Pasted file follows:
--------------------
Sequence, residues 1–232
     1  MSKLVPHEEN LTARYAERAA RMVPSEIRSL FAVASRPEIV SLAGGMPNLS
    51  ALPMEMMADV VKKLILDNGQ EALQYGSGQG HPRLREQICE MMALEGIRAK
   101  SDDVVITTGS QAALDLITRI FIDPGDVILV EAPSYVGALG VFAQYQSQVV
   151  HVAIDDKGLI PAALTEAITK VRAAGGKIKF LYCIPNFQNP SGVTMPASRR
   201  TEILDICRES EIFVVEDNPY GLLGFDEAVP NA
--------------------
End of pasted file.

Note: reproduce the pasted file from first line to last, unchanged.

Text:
Sequence, residues 1–232
     1  MSKLVPHEEN LTARYAERAA RMVPSEIRSL FAVASRPEIV SLAGGMPNLS
    51  ALPMEMMADV VKKLILDNGQ EALQYGSGQG HPRLREQICE MMALEGIRAK
   101  SDDVVITTGS QAALDLITRI FIDPGDVILV EAPSYVGALG VFAQYQSQVV
   151  HVAIDDKGLI PAALTEAITK VRAAGGKIKF LYCIPNFQNP SGVTMPASRR
   201  TEILDICRES EIFVVEDNPY GLLGFDEAVP NA